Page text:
You could tell just how loopy the Never Netanyahus truly are by watching them fume at Gantz—the man who, until a few hours earlier, was their sweet prince. Uri Misgav, for example—a senior columnist for Israel’s most prestigious newspaper, Haaretz, who in recent weeks led a series of demonstrations that defied recommendations to shelter in place so as not to spread the coronavirus, and instead marched around waving black flags and calling Bibi a dictator. Misgav needed no more than a few breaths to describe his former champion in the same hysterical terms usually reserved for Bibi. Gantz, he wrote on his Facebook page, wasn’t only “a coward, a loser, a schlimazel, and a nobody,” but also “a corrupt crook who banded together with other corrupt crooks who forcefully rose up to subdue democracy.” OK. Except yesterday, you were telling everyone how handsome he is, and what a great dancer.

The campaign to topple Bibi has subjected Israelis to a year and a half of such nonstop shrill nonsense. Rather than wrestle with the hard questions that Israel confronts and come up with worthy and principled alternatives that might be accepted or rejected by the public, Bibi’s detractors, taking a page from the worst of their American resistance brethren, preached a single, simple slogan: Rak Lo Bibi—anyone but Bibi. They offered no policy proposals, no profound ideological disagreements, no vision for a different Israel. All they offered was their irrational hatred and their thirst for power, which they arrogantly assumed was theirs by right, and had been somehow usurped by the man whom Israelis had democratically elected over and over again for 11 years running.

In what Freud might have analyzed as a classic case of the narcissistic wound run amok, the Never Netanyahus fell victim to a kind of collective insanity rooted in their own sense of virtuous entitlement. They ritually demonized the man who “stole” what was rightfully theirs, stewing in a toxic brew of rage and resentment whose flipside was incessant and empty proclamations of their own superiority. While such unpleasant behavior is a normal part of adolescence, it’s both bizarre and pathetic for grown-ups, many of them in their 60s and 70s—an age which Pirkei Avot gently describes as “fullness of years.”

The madness of the Bibi-haters did little to inspire confidence in normal Israelis. Neither did Benny Gantz. Three election campaigns in the space of 18 months had revealed the truth of the man to his fellow Israelis: The Bibi-haters’ chosen champion was a tongue-tied general with a sad history of mismanaging businesses and an inability to master basic political chores like giving an interview or speaking at a rally. Gantz was a placeholder for the idea of a candidate, dreamed up by a gaggle of political operators—hey, Yitzhak Rabin wasn’t such a hot orator either! Despite Israel’s many imperfections, the idea that Gantz could magically do what Netanyahu could not or would not didn’t wash.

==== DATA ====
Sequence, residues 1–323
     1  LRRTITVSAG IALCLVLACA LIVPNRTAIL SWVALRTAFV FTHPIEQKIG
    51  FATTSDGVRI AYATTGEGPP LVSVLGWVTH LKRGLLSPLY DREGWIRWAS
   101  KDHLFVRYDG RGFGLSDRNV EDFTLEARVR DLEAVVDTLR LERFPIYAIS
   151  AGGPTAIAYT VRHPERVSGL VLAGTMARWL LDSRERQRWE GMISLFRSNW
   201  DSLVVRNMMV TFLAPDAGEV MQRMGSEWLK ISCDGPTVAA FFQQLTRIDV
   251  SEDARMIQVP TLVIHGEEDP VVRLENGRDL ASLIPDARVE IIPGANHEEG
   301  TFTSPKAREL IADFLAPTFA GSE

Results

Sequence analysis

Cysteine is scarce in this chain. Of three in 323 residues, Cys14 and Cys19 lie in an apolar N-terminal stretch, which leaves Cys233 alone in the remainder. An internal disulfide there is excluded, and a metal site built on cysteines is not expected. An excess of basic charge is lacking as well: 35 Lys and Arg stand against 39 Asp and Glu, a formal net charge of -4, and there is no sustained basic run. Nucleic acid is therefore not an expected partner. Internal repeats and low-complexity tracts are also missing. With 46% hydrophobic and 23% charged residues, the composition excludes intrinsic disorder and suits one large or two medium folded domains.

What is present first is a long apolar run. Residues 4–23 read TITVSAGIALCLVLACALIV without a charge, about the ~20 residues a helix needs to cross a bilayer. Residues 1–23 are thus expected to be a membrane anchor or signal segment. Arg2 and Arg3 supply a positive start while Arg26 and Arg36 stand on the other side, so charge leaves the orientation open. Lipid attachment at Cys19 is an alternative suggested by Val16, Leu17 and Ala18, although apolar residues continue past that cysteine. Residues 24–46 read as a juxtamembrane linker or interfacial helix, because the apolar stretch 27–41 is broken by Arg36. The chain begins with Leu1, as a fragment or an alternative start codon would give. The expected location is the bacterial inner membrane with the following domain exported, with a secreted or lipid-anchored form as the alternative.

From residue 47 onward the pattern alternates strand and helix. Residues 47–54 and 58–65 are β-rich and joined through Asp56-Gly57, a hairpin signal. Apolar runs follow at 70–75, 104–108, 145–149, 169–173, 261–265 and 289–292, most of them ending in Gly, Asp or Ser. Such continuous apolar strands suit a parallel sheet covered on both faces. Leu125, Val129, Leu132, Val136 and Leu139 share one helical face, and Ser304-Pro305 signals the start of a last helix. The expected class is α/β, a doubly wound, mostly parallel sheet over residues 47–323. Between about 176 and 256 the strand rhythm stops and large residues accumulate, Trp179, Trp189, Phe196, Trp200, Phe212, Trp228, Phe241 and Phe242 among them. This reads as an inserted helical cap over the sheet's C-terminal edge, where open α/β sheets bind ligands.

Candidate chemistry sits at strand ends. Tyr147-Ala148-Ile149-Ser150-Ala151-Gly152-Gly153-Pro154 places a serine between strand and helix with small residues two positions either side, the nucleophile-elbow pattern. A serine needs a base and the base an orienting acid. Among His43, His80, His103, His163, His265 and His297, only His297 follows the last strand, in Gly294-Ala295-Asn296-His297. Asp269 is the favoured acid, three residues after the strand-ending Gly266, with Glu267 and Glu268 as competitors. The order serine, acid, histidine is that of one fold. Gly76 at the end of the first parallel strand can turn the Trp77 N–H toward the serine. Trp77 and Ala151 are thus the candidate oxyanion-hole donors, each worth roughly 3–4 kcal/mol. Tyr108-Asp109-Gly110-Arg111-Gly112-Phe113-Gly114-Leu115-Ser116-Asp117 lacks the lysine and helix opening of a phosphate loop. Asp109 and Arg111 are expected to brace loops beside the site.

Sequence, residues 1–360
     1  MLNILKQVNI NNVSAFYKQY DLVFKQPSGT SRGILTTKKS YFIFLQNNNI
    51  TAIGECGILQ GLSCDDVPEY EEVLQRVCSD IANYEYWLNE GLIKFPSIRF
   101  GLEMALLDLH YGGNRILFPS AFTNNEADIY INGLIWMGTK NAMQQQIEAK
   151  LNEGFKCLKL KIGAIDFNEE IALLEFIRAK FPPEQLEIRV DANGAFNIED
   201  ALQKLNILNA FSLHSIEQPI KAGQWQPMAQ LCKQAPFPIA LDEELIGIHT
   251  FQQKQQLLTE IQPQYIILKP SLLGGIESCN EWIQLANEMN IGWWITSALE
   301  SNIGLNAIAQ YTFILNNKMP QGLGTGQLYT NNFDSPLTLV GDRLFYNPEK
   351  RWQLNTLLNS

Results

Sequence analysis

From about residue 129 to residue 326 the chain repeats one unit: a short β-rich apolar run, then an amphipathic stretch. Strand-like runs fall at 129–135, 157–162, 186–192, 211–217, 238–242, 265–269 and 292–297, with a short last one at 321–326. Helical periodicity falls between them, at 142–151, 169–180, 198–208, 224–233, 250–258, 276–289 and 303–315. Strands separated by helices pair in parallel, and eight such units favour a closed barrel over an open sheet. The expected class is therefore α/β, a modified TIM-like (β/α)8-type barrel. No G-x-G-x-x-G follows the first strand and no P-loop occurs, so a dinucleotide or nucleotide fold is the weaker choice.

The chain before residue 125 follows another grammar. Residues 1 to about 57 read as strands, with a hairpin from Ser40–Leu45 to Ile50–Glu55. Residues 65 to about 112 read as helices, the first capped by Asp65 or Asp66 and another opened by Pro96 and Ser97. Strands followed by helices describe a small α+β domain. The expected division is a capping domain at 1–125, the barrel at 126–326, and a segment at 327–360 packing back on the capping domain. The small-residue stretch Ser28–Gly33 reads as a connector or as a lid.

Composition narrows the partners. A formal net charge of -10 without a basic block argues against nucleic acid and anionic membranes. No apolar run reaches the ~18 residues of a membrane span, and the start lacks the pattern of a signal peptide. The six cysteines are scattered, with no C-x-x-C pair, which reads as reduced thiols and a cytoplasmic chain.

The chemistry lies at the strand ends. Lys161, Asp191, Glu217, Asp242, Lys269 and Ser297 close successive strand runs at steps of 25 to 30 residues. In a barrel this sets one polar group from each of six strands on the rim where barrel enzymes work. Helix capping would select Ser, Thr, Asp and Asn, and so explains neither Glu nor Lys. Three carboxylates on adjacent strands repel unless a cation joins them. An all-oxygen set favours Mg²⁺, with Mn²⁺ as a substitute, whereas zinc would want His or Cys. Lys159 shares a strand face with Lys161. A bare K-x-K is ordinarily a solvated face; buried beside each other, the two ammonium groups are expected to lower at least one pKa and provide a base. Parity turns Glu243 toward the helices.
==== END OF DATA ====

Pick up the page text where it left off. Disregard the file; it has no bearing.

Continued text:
Without concrete proposals to counter the Netanyahu government’s clear and outstanding achievements—a booming economy, warming relations with a number of Arab countries, and unprecedented support from the White House that included U.S.-approved titles to the Golan Heights and Jerusalem—the Never Netanyahus turned instead to the Deep Shtetl—where Israel’s police bureaucracy, judiciary, and political operatives and schemers meet. The offer there was a chance for unelected bureaucrats and judges to taste power and gain some additional validation of their self-importance in exchange for indicting Bibi on a parade of mostly empty legalisms, even after more than a dozen similar attempts had proved unsuccessful.

The weapon they chose to kill Bibi was made of paper. The king won. They lost.

The next weapon they seized on was more dangerous: The Joint List—the coalition of Arab parties whose common ideological bond is fierce opposition to Israel’s continued existence as a Jewish state. While there are Arab parliamentarians on the lists of Likud, the Labor and Meretz coalition, and Blue and White, the Joint List is a sectarian mashup whose noxious agenda has been lionized by sheep-brained commentators in the woke New York Times and the woke New Yorker, even though, or perhaps because, the party has rightly been considered beyond the pale in Israeli coalition politics.

Anyone who needed a reminder that the Joint List is not made up of carbon copies of Dr. Martin Luther King Jr., Nelson Mandela, Malala Yousafzai, and other brave fighters for human equality and justice got it this week: In an interview with an Israeli news site, Mansour Abbas, a member of the Muslim Brotherhood and the fourth most senior member of the Joint List, advocated polygamy, said he supported gay conversion therapy, and refused to promise that he will call on his supporters to refrain from violently attacking gay pride parades. Not to be outdone, his colleague, Aida Touma-Suleiman, called for the repeal of the Law of Return, which guarantees every Jew who moves to Israel immediate citizenship. Hiba Yazbek, another Joint Lister, expressed praise for Samir Kuntar, a terrorist who shot an Israeli man as his 4-year-old daughter was watching before smashing the child’s head against a rock, killing both. After Yazbek called violence against Israeli soldiers a legitimate form of resistance to “the occupation,” she was in fact barred from running for the Knesset. The Supreme Court, however, stepped in and overturned the decision, again with a questionable legal mandate, allowing Yazbek to run while barring right-wing Jews who had similarly insinuated that they condoned violence against Arabs, in the apparent hopes of boosting the Arab bigot vote above the Jewish bigot vote, to Bibi’s detriment.

And yet, as Bibi’s recent triumph shows, the Deep Shtetl never wins. The courts, the press, former generals—all are mighty opponents, but none are mightier than the millions of Israelis who continue to trust and love King Bibi, or at least reluctantly tolerate him. And love him or not, they jeer at anyone who purports to know better than they do who to trust with decisions that affect their lives and the lives of their sons and daughters. Shouting simplistic slogans, demonizing opponents, stamping your feet, indulging in narcissistic hate rituals, and then relying on the press and the courts to steamroll your political foes—these are not particularly good paths to power in a democracy. Thankfully, Israel chose another path, and finally has a government. And thankfully, that government is led by the man most Israelis consider the best choice for the job.

Liel Leibovitz is editor at large for Tablet Magazine and a host of its weekly culture podcast Unorthodox and daily Talmud podcast Take One.